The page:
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Museum exhibit highlights Truth and Reconciliation Day for Westbank First Nation

Sncəwips Museum premiering “What Does it Mean to be Syilx?”
Sncəwips Museum is located in the Okanagan Lake Shopping Centre, Highway 97S.

The Westbank First Nation (WFN) and Okanagan Nation Alliance (ONA) are hosting several events to honour the National Day for Truth and Reconciliation on Sept. 30.

WFN’s Sncəwips Museum will be open from 10 a.m. to 4 p.m. and will be premiering its newest exhibit “What Does it Mean to be Syilx?”. The exhibit focuses on the voices of WFN community members and their artistic/written expression of identity.Everyone is welcome to drop in, enjoy some bannock and tea, and learn about the syilx people. The museum is located in the Okanagan Lake Shopping Centre on Highway 97S.

ONA is hosting Walk for the Children on Sept. 30. It’s a five-kilometre walk, starting at 10 a.m., from the Penticton Peach to the Syilx Indian Residential School Monument outside the Penticton Hatchery on En’owkin Trail. The walk is open to everyone.

The West Kelowna Warriors hit the ice Sept. 30, taking on the Wenatchee Wild. The team will be wearing special “Every Child Matters” jerseys for the game. They will be part of a silent afterwards with proceeds benefiting the Residential School Survivors Society.

Since 2013, Sept. 30 has been commemorated as Orange Shirt Day across Canada in honour of the survivors of Indian Residential Schools. In 2021, Sept. 30 was designated the National Day for Truth and Reconciliation by the federal government. The day provides an opportunity to recognize and commemorate the tragic history and ongoing legacy of residential schools, and to honour the survivors, families and communities impacted.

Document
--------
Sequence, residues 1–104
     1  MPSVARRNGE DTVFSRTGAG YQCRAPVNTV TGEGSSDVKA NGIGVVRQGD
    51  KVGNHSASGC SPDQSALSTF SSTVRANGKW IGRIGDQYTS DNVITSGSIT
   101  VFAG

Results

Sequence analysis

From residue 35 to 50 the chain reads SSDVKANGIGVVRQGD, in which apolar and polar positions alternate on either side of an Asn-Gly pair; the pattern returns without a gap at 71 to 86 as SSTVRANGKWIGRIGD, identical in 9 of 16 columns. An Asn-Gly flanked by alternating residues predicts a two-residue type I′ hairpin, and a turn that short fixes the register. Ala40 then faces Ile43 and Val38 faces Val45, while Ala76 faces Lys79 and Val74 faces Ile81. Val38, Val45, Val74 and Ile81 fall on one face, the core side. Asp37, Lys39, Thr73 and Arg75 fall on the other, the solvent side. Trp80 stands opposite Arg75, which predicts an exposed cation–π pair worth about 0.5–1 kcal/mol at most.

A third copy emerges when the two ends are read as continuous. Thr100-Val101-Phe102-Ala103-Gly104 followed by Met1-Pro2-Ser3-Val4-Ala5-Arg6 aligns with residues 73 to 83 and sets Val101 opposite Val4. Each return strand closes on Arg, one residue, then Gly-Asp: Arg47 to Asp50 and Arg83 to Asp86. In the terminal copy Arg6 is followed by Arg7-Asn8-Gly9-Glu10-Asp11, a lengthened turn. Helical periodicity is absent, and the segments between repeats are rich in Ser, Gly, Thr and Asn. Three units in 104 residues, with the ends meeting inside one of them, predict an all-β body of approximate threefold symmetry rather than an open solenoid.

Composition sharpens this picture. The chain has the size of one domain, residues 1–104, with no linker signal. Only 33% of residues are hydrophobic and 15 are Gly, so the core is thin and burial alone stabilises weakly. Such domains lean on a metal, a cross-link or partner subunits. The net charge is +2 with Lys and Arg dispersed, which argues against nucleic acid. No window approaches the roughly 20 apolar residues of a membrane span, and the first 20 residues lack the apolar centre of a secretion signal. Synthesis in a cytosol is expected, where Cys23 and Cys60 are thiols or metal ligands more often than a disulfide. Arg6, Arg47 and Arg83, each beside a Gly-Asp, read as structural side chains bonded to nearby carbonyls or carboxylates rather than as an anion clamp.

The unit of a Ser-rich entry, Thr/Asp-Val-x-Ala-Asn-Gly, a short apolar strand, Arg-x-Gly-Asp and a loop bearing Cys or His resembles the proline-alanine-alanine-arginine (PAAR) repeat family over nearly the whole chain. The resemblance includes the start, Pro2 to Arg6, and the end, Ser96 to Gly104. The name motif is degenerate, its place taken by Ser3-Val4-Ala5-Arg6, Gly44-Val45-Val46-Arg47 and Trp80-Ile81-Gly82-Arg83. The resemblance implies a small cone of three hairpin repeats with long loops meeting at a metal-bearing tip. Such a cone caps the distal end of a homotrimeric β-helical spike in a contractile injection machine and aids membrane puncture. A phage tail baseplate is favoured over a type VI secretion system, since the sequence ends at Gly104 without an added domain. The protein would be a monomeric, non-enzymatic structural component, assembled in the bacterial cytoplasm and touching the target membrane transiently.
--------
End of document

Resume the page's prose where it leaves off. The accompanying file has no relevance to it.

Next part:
Ways to honour the National Day for Truth and Reconciliation:

  • Support Indigenous entrepreneurs by visiting one of the many businesses on WFN lands.
  • Purchase an orange shirt to wear on Sept. 30th to show support and solidarity. Orange shirts can be purchased at Spirit of the Lake Native Boutique (1960 Nancee Way, Westbank), London Drugs (Westbank), or Sncəwips Museum.
  • Download, print and display Every Child Matters posters in the window of your home or business.
  • Purchase local Indigenous books.
  • Commission Indigenous art or take a local public art tour.
  • Recognize or acknowledge the Indigenous lands you are on by placing a plaque at your place of business, using nsyilxcen language in your notices/signage or boardroom names, or adding acknowledgment to your standard auto signatures. “We respectfully acknowledge that we live and work on the unceded and traditional territories of the syilx/Okanagan people.”

The Indian Residential Schools Crisis Line is available 24 hours a day for anyone experiencing pain or distress as a result of their residential school experience. Non-emergency calls to The Indian Residential Schools Survivors Society can be directed to 1-800-721-0066.

READ MORE: Remembering the past: Okanagan College leads up to Orange Shirt Day

READ MORE: Music, market and more celebrate BC Culture Days in Okanagan


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Gary Barnes

About the Author: Gary Barnes

Recently joined Kelowna Capital News and WestK News as a multimedia journalist in January 2022. With almost 30 years of experience in news reporting and radio broadcasting...
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